Russian Deputy Foreign Minister Sergey Ryabkov said Monday that there are still no dates set for talks between the US and Russia on the last remaining nuclear arms control treaty between the two powers, known as New START.
The US and Russia were set to meet on the treaty in November, but Russia postponed the talks, citing US military support for Ukraine. The two sides were engaged in more broad nuclear arms control talks before Russia’s invasion of Ukraine, but they were canceled by the US.
Ryabkov said the conditions are not right for New START talks due to recent escalations by the US. “The present situation is discouraging for setting a new date, especially considering this escalation trend both in the US actions and rhetoric,” he said, according to the Russian news agency TASS.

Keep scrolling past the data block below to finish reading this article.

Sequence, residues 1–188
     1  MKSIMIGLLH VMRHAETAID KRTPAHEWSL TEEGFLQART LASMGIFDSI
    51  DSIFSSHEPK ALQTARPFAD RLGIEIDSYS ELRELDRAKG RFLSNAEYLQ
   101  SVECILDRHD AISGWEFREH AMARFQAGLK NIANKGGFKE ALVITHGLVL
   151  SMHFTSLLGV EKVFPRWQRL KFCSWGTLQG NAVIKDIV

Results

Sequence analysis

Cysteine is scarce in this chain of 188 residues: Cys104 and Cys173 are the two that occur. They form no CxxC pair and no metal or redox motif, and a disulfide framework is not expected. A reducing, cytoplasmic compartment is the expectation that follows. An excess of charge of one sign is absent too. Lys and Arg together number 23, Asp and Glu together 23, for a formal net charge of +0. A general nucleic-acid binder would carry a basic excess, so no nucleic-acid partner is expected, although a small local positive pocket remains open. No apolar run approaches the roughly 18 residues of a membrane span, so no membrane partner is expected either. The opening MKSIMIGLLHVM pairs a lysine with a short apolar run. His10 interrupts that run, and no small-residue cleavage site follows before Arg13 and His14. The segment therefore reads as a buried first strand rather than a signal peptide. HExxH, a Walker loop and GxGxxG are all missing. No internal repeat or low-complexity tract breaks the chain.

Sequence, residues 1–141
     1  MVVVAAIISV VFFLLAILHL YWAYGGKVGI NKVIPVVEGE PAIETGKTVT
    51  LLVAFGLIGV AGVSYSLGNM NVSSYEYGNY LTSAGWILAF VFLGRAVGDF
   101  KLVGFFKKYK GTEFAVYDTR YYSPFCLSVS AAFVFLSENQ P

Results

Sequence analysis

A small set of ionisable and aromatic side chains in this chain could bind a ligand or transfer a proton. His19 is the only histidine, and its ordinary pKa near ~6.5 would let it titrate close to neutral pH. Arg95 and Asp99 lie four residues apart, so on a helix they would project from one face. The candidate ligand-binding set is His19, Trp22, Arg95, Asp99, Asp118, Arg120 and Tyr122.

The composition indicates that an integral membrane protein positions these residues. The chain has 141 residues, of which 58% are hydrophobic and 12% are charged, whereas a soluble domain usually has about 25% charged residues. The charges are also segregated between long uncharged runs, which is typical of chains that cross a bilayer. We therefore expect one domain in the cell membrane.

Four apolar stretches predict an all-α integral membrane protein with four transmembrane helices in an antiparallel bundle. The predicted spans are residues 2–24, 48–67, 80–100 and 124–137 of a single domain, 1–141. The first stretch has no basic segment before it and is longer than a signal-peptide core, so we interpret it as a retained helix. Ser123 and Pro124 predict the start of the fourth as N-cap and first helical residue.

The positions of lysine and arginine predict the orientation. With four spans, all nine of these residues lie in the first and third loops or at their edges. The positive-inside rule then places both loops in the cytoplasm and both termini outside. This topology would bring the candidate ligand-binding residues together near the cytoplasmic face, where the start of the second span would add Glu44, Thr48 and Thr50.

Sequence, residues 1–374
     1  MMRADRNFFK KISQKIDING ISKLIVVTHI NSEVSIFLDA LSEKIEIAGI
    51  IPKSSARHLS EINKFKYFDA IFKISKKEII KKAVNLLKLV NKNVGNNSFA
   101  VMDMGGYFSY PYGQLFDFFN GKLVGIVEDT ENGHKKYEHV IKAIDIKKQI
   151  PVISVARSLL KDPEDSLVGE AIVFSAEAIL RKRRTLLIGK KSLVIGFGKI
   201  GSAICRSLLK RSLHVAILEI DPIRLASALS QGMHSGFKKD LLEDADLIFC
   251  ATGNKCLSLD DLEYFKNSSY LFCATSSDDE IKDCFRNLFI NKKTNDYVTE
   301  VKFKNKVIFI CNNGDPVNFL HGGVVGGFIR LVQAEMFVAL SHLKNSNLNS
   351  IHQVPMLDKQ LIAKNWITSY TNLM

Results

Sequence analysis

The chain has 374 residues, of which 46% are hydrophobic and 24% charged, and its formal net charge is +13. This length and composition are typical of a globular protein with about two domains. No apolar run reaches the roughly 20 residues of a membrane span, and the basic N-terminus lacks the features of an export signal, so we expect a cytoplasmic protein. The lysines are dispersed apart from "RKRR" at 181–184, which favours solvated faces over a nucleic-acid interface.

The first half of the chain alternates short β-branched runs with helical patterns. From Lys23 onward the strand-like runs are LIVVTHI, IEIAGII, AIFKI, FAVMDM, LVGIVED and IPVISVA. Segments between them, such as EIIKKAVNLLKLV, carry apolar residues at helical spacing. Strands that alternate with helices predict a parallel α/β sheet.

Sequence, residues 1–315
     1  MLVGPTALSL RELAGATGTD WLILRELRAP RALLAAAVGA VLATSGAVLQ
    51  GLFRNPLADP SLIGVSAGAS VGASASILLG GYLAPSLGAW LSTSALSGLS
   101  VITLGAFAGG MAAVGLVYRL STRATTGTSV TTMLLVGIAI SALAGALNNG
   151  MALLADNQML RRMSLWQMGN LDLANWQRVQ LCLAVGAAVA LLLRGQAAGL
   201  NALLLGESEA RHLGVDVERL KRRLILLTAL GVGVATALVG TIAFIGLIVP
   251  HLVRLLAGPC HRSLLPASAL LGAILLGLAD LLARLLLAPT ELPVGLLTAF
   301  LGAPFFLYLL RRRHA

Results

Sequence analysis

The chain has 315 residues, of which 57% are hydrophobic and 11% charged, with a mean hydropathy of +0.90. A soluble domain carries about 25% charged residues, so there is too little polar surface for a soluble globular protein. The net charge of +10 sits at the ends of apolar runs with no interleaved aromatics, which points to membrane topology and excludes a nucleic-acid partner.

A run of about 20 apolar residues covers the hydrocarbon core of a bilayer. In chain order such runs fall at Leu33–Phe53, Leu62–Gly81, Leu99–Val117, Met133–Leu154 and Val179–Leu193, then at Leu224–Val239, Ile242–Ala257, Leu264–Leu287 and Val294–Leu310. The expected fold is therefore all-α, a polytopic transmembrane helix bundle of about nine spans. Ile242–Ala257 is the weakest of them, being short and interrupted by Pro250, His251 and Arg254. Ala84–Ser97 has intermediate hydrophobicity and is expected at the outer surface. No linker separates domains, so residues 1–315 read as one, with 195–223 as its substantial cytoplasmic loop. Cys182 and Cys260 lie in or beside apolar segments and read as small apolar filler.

New START limits the deployment of missiles, warheads, and bombers and includes an inspection regime. The inspections have been suspended since March 2020 due to Covid-19, and any future negotiations on the treaty are expected to focus on resuming them.
One of President Biden’s first foreign policy moves in January 2021 was a call with Russian President Vladimir Putin to extend New START, and now the treaty is set to expire in 2026. Since Biden and Putin agreed on the extension, the US and Russia have made no progress on arms control, and there’s no sign they will be negotiating a replacement for New START anytime soon.
The failure to hold New START talks reflects the overall lack of diplomacy between the US and Russia since the war started. While there have been some high-level talks, the US State Department has essentially abandoned diplomacy with Moscow. Secretary of State Antony Blinken has only held one known call with his Russian counterpart, Sergey Lavrov, and they focused on a prisoner swap, not the war in Ukraine.